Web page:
By the end of the conversation, Hila practically has her mouth dropped open. She keeps repeating over and over “I didn’t know. I didn’t know.” “You didn’t know what?” “I didn’t know that there were people like you. I didn’t know that there were people who loved my country so much.” She is close to tears. “You are such special people,”she says.

“You know,” says  Giovanni with his Italian accent, choosing his words carefully and speaking them slowly, “there is a reason we are special. If we did not have the Messiah you would run away from this place. But because of him, we have this. We love each other. We love our guests. We love our life”

It is perhaps the most beautiful example of “witnessing” that I have ever seen.

As a touring musician, I stay with a lot of families. There are few times that I say to myself “God, if I could choose a life to live, this is what I would choose.” But I have done that both of the times I have stayed with Amirrabiles. This time, though, I have decided to not let this desire turn into frustration towards God saying “I can’t have this life! I don’t have a family!” Instead, I am trying to learn from this family, to figure out how to take the lessons of their lives and translate it into my own, very different life.

This is the simplest equation I have found to live out what I have seen this week.

Love God.

Trust with all of your heart that he is good.

Love the person standing in front of you.

I can do this whether I have a family or not. Whether I live in Italy or an African prison camp. It is my choice.

Maybe it is time that I stop looking at my circumstances and saying that my life will never be full because of the lot  that has been given to me. To instead focus what I have control over….the way I love and am grateful for this life that has been given to me.

Maybe it is time for me to cook more often for guests that I invite over, take some cooking lessons knowing that food brings people together. To laugh big belly laughs. Maybe even to sing hymns at the dinner table!

Maybe it is time for me to choose to live a life extraordinary, no matter what my circumstances are.

7 thoughts on “A Simple Life, A Life Extraordinary

  1. What a beautifully written post. Makes me want to visit Italy so much!! I envy you being over there experiencing good food and great company! (In a good way!) Thanks for reminding us what Corinthians says about love–that people first need to feel loved by us before we even start to “preach” to anyone. We can witness simply by genuinely loving and accepting people. 🙂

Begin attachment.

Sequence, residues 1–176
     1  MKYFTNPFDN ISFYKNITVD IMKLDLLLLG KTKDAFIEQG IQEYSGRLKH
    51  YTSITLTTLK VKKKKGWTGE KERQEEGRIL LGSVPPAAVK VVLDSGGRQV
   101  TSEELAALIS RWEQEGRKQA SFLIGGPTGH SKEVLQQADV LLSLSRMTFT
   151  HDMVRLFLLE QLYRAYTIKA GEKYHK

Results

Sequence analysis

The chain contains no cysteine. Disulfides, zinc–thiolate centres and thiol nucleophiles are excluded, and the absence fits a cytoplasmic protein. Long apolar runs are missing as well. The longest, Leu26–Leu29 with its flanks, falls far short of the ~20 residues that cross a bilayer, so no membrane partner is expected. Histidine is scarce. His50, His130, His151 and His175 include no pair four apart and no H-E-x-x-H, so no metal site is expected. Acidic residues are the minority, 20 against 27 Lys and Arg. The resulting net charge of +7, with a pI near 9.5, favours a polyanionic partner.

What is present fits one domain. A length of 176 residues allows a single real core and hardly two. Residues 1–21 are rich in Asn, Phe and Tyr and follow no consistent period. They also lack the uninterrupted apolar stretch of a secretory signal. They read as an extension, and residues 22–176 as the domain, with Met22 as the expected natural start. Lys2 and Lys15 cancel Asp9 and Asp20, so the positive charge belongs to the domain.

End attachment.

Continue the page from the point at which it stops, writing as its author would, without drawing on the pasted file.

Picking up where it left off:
2. My friend shared your blog with me a while ago, and I’m so thankful she did.
    Thank you for this post. Such a reminder to live the full life that God has called us too – no matter our circumstances. Enjoy your travels!

  3. So true. Do simple. Reminds me how we are told to think on the good, true, lovely, etc. focus on the good. Easier said than done, but I’m taking one step at a time in that direction. Thanks for sharing!

  4. My father always shares a simple phrase with me that you reminded me of… For some reason it seems hard to live by, “Keep it simple stupid!”. Thanks for sharing how God showed you, and reminding us with it, that love is not only simple, but the most powerful witness we have!

  5. That was a beautiful post. A beautiful testimony (lessons in simple and loving witness). And a lesson in service we must learn over and over and over… the Lord recently brought the following quote to my mind again and I pass it on to you.
    “I have a feeling that what is asked of us is to live in the whirlwind, without keeping back anything for ourselves, neither rest, nor friendships, nor health, nor leisure – to pray incessantly…in fact to let ourselves pitch and toss in the waves of the Divine will until the day when He will say: ‘That’s enough.’ ”
    Raissa’s Journal, 1974
    Raissa Maritain